The thrilling sound of a flute mingled with piano, violin and guitar, all to the tune of Cambodian-American composer Ung Chinary, thrilling the audience who had come to hear for the first time a rare classical concert in Washington.
Held last week at the Sackler Gallery, the concert was performed by the Da Capo Chamber Players as part of the “Gods of Angkor” exhibit, which includes rare bronzes from the National Museum of Cambodia.
Five of Ung Chinary’s songs were featured, including “Child Song,” “Luminous Spiral,” “Life After Death,” “Mother and Child,” and “Oracle.”
“These are all related to Khmer culture and music,” Ung Chinary told VOA Khmer later. “I sometimes use words from Pali, Sanskrit and Khmer to mix with musical rules I learned from the West. They mainly have mental movement to sooth the feelings and to inspire idealism and bliss.”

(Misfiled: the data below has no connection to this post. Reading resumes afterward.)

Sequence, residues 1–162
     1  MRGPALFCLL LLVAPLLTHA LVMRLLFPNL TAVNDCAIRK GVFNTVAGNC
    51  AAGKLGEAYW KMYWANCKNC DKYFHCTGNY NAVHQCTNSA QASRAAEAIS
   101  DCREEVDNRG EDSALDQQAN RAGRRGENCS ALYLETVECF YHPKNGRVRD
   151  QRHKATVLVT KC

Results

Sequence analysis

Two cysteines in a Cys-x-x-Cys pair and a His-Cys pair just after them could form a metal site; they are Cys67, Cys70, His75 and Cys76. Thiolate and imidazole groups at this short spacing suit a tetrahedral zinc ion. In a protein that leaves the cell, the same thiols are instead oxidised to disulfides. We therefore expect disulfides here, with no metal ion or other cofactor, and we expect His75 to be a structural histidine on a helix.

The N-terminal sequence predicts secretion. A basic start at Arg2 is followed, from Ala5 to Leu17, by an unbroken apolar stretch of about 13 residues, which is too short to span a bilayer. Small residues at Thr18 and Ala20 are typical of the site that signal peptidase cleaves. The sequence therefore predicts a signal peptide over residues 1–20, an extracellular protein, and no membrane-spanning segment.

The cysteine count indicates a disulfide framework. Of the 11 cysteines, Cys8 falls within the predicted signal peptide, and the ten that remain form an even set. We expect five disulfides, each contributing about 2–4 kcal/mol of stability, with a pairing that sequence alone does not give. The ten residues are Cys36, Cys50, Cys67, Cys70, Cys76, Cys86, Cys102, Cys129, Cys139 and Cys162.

Ung Chinary has been widely recognized for bringing together material, concepts and sounds from the East and the West into works that appear wholly organic, despite disparate components.
“I sometimes felt sad, especially at the end, where he recited the dhama,” said concertgoer Chan Linda.
“This is definitely very new, new music,” said Beverly Hong Flincher, another member of the audience. “It’s unlike other so-called avant-garde music. So I would consider this as avant-garde.”
Voice of America music specialist Brian Silver, who also attended, said he was moved by what he discovered and that the music made his “hair stand on end” or nearly brought him to tears.
“I’ve never seen that kind of performance, of a musician functioning on two levels at once,” he said of the song “Mother and Child.” “That was just an extra-ordinary.”